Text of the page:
Louis Theroux befriended Savile for his When Louis Met… series. But to Theroux, there was something about Savile that instinctively disturbed him. The documentary maker deserves credit for getting closest to unmasking Savile in his lifetime, his new documentary explores his own sense of guilt and our complicity.
Love and Carnage, Cesar Aria's novella, The Proof published by And Other Stories, explores sexuality and youthful alienation in a punchy, ultra-violent, and uncompromising thrill ride that takes the reader on an adventure through the possibility and punk-filled streets of Buenos Aires.
Funny and surreal, We Are The End is Gonzalo C Garcias first novel and was published as a paperback in October 2017 by Galley Beggar Press. Set in Santiago, Chile this is a dark comedy about love, loss, and game design.
Inventive and witty, loaded with intrigue and even softness, The Master and Margarita is a sublime love story and a panegyric to freedom. It is a book by which the author took the sweetest and coldest of revenges upon the ugly repression of Stalin’s brutal regime.
Lynton Crosby, the Australian political consultant who helped David Cameron win in May, has been hired by Canada’s Stephen Harper whose Conservative Party. Crosby has turned the polls around with an anti-muslim campaign that could put the Conservatives back in office.
In his collection for fifteen years, M John Harrison blurs the genre boundaries. Published by Comma Press, this is a refreshingly weird collection of tales whose vivid prose draws readers into his disquieting vworld
David Cottle puts the case against an untrustworthy Hillary Clinton; while Graham Kirby defends her presidential pragmatism.
John Major's Chatham House speech made the reasonable point that popular opinion was fluid as he offered a reality check on over-optimistic Brexiteers. As she appeases her right-wing wing Theresa Msy may lose the support of Remainers.
There will be a general election on 8th June. Theresa May might hope to free herself from captivity by the Tory right but she has dragged the debate to the right and started an unpredictable election.
As Jeremy Corbyn has said, there are thousands of houses that stand empty across Britain. However, using those houses to increase supply and end homelessness will not end Britain's housing crisis. Only radical reform of what is now the engine room of the economy will do that.
In the powerful and harrowing anthology, Protest: Stories of Resistance published by Mancunian indie publishing house Comma Press, we’re given an unashamedly outspoken, politically-charged ode to the history of protest and resistance in the UK from the Medieval Peasant’s Revolt to police brutality at Orgreave.
Aged sixteen, Cyntoia Brown shot and killed 43 year-old Johnny Allen. Despite the evidence of abuse, she was convicted and sentenced to life. Her case, like so many, highlights the systemic inequality faced by survivors of domestic and sexual violence.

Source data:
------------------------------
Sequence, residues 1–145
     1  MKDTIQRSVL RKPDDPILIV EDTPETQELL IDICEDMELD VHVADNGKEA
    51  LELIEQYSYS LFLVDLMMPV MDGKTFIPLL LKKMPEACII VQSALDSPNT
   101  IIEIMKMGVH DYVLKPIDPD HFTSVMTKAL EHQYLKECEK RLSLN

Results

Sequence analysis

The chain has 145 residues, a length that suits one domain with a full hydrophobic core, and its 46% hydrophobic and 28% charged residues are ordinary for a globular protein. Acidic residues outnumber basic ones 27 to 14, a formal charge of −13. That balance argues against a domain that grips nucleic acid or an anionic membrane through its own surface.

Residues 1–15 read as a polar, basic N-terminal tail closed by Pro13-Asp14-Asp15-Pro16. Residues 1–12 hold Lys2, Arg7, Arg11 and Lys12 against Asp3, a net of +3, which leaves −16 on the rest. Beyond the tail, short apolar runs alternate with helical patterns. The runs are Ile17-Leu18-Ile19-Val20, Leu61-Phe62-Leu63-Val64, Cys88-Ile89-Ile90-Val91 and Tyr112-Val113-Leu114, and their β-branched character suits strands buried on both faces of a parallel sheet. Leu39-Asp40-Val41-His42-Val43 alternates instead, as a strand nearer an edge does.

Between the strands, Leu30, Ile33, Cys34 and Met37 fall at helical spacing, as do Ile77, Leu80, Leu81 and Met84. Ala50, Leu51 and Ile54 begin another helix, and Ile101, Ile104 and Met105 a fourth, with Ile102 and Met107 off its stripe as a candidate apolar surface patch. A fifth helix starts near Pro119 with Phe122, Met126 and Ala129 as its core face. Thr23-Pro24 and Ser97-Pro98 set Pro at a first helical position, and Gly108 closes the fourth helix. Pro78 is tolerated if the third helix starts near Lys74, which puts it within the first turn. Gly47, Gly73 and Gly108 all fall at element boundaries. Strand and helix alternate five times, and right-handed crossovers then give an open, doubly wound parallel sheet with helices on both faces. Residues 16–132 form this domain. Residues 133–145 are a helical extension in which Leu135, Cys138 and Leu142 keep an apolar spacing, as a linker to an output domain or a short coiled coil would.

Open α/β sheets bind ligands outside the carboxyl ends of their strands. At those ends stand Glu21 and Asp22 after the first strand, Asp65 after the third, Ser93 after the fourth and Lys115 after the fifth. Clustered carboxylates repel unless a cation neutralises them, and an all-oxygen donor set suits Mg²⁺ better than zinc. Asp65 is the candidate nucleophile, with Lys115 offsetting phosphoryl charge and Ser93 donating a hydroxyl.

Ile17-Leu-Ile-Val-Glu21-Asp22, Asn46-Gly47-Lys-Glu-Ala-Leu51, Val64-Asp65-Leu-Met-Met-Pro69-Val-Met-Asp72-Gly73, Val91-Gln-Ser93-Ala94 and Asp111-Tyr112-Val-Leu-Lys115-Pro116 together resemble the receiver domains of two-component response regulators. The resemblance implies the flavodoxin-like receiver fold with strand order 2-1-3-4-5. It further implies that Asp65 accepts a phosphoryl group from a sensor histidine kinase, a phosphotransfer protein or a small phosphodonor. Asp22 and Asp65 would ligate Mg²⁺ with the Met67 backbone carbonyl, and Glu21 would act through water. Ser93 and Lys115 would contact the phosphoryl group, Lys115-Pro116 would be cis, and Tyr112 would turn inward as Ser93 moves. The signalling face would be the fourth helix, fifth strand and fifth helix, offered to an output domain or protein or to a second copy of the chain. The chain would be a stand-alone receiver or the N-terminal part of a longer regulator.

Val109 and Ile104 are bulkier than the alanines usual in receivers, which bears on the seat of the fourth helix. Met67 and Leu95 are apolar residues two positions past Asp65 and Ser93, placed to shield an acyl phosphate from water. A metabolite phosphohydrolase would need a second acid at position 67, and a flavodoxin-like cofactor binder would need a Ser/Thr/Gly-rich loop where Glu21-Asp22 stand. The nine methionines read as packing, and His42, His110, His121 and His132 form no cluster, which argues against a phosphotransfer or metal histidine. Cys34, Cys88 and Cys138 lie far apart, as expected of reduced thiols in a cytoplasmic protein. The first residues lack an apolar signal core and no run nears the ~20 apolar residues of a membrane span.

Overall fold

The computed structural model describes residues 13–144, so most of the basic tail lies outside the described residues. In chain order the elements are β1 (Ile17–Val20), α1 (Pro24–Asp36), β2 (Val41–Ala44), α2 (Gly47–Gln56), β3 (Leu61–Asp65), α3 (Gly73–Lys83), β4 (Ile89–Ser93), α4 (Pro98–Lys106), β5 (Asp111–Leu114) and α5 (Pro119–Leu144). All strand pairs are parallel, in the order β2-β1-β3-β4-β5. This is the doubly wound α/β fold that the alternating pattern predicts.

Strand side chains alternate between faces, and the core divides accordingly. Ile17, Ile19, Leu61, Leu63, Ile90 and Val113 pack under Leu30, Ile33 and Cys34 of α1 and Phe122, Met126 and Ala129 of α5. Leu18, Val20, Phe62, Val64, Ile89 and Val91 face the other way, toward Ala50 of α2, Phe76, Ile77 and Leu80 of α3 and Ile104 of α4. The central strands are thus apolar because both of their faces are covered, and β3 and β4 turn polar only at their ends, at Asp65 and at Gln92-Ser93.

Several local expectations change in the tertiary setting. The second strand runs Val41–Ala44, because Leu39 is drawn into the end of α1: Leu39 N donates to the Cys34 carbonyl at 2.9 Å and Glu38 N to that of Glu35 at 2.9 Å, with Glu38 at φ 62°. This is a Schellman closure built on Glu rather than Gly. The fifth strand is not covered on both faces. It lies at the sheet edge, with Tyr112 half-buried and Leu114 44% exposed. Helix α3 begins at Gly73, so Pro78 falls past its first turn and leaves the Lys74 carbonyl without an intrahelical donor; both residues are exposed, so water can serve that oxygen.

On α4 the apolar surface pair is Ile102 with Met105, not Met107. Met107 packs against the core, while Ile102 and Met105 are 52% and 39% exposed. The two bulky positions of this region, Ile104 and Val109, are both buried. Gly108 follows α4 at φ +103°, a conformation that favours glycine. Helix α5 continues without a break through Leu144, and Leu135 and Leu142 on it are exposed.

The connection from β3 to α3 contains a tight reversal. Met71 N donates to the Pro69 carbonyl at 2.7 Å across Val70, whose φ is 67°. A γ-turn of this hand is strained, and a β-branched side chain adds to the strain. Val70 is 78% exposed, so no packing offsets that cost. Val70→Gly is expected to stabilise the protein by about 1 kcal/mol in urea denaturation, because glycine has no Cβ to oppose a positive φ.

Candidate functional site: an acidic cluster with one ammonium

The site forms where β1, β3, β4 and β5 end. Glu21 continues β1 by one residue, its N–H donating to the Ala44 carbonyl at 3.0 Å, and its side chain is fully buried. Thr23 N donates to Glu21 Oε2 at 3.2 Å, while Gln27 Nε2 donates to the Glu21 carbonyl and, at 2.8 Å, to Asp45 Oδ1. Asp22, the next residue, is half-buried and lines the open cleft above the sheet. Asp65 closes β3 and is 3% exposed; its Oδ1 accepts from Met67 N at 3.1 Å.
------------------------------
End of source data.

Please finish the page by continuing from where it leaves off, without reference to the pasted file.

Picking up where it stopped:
Malia Bouattia, Stuart Hall, and Carlton from The Fresh Prince: Identity Crises and the Corbynite Left
As the dismal results from the local elections come in, presaging the even worse results on 9 June, Labour must learn that we cannot orientate our image squarely on a tiny, unrepresentative group undergoing an identity crisis.
The 2017 General Election will not be won by policy; it will be won with propaganda. Now Labour has a clear position on Brexit, the left’s response must be to back the policy wholeheartedly, and slam the Conservative manifesto with passion.
There has been speculation about Mark Carney’s future as governor of the Bank of England, following a series of attacks by Brexiteers. There was even speculation about his relations with the prime minister. Yet Carney has now confirmed he will stay in position.
Faust’s bargain with Lucifer is one he makes out of frustration with the limits of human knowledge. Faustus’ reaction to his frustration is an extreme one: he resorts to necromancy, ultimately he trades his soul for unimaginable power but eternal damnation. Why does Faust still grip our imagination?
The death of Martin McGuinness has brought many different reactions. To many he will remain an IRA murderer who caused many deaths; to others he is a hero. Whether he can be forgiven does not mean we should lack respect for his role in the peace process over the last two decades of his life.
Little will change under a strategy defined by inaction, and on other key issues, Hammond’s silence was deafening. This Autumn Statement indicates that the Tories, entrenching inequality with economic stagnation and socially-divisive policies, remain resolved about scapegoating the poor and most vulnerable to compensate for their own failure.
Theresa May has called for a general election for Thursday June 8th. The Labour party under Jeremy Corbyn has never been weaker. She faces a landslide election. However, what she wants is to frame the debate to stop anti-Brexit arguments. Remainers must not let her win.
It’s hard not to feel like you’re being gaslighted when Theresa May insists that she cares deeply about public services and that she’s spending record amounts. For voters who’ve seen these services deprived of funds, it’s enough to make you wonder if you’ve been living in an alternate reality.
Theresa May gave her main speech at the Conservative Party Conference 2017 in Manchester. She was plagued by a cough and a comic moment when a protestor handed her a P45. Events overshadowed her relaunch. It was the speech she should have given last year.
As he launched his local elections campaign, Jeremy Corbyn declared Labour to be a strong party. Yet they face losses in Scotland and Wales; while in England the Lib Dems expect to do well. A bad election will be another sign of Labour’s disintegration as a party of government.